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Colleges Don't Like The Idea Of More Sexual Assault Laws

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A bipartisan group of senators plans to unveil new legislation to address campus sexual assault, something that university leaders aren't exactly jumping with excitement about.

Following a wave of federal complaints alleging colleges and universities mishandled sexual violence at their schools, which has led to 71 ongoing investigations at the U.S. Department of Education, the lawmakers are set to reveal their proposal in a Wednesday morning press conference. Earlier this year the White House launched a task force whose recommendations are reflected in parts of the legislation.

College leaders complain, however, that they already face an obstacle course of regulations on handling campus sexual assault with several laws -- the Clery Act, Title IX and the Violence Against Women Act -- setting forth conflicting responsibilities.

Anne Neal, president and co-founder of the American Council of Trustees and Alumni, argues that the Obama administration is putting too much of the burden of ending sexual violence on colleges, noting that educational institutions "are ill-equipped" to adjudicate serious crimes.

"I don't think anyone is disputing that sexual assault occurs on college campuses and the broader society," Neal said, "but I think it's sad the administration is more interested in assisting privileged college students and not helping victims outside of the ivory tower."

Neal would prefer that federal attention and resources focus more on helping police departments address sensitivity issues and other concerns with the criminal justice process.

"This system being rolled out on campuses will end up requiring a very extensive, costly quasi-judicial apparatus that will disregard due process and constitutional protections," Neal warned.

Molly Corbett Broad, president of the American Council on Education, wrote in a letter to senators last month that "college administrators are often asked to be all things to all people" when it comes to sexual assault cases, yet they don't have many of the tools of the criminal justice system.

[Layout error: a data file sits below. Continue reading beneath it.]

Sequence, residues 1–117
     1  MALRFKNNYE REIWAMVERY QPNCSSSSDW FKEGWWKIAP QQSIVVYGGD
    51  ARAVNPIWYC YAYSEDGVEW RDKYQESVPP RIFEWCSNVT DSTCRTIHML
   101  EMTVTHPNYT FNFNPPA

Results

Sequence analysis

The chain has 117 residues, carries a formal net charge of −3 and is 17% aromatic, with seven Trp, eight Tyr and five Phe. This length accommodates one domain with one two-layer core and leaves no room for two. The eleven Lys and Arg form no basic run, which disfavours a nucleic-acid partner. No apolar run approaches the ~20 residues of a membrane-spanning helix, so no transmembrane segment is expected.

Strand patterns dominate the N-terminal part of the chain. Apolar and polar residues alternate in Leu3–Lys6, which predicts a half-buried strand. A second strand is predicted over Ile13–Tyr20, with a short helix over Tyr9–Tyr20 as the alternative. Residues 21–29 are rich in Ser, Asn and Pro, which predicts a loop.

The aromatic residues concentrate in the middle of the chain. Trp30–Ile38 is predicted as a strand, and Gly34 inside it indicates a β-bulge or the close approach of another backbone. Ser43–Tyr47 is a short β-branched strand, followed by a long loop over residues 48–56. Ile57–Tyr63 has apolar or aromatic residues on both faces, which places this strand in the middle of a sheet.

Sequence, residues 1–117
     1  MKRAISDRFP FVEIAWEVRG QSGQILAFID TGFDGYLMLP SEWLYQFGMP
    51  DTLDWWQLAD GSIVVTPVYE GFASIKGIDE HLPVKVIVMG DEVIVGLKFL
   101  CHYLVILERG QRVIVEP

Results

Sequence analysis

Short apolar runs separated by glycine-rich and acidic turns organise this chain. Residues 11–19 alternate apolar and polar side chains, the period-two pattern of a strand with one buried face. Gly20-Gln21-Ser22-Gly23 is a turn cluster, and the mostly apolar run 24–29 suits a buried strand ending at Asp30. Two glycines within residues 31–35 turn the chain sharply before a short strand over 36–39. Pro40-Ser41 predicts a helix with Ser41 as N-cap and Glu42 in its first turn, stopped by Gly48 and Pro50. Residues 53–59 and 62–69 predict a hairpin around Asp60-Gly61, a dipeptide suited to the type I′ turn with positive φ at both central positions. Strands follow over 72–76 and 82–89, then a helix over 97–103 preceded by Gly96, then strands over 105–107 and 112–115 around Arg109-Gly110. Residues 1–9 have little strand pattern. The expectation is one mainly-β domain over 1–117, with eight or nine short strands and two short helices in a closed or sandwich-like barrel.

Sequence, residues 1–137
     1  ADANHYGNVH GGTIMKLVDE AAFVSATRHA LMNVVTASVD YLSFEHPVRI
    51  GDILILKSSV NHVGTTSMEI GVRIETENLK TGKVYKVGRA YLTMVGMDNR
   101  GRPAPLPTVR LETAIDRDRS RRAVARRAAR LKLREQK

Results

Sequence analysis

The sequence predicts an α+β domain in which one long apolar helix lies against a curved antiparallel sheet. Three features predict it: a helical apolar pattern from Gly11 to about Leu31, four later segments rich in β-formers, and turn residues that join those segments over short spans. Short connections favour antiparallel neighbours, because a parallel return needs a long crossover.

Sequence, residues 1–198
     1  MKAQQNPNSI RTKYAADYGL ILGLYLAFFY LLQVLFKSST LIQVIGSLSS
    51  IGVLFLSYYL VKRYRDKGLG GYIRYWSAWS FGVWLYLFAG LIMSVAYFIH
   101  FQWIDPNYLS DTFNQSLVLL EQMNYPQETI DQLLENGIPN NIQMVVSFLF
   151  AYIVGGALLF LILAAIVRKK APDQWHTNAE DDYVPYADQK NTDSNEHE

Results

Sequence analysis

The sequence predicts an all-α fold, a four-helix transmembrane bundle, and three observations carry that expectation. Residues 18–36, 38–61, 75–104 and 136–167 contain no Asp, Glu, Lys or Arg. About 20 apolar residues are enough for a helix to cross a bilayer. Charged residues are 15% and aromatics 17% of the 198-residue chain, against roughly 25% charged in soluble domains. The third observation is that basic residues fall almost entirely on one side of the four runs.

"We lack the authority to subpoena witnesses, control evidence and impose legal standards," Broad told the Senate Health, Education, Labor and Pensions Committee. "Our disciplinary and grievance procedures were designed to provide appropriate resolution of institutional standards for student conduct, especially with respect to academic matters. They were never meant for misdemeanors, let alone felonies."

Broad called for more federal funding of sexual assault education and prevention training, and greater "clarity and consistency with respect to federal expectations, requirements and enforcement." She also pointed out that while the Education Department tells schools to deal with sexual assault cases in a timely fashion, the department's Office for Civil Rights can take years to resolve a single complaint against a university -- a concern that happens to be shared by the activists filing such complaints.

Several senators have already indicated that they want to give more power to the Education Department to punish colleges for violating sexual violence laws. Earlier this month, a survey, commissioned by Sen. Claire McCaskill (D-Mo.), showed that universities aren't abiding by the current statutes.

But university leaders say they're well aware of the problem. "There's not a conversation you can have with a senior administration leader anymore without sexual assault coming up," said Jeff Lieberson, vice president for public affairs at the Association of Public and Land-grant Universities.

For the lawmakers' part, McCaskill conceded at a campus violence roundtable in June that the final sexual assault bill could be notably different than what is initially proposed.

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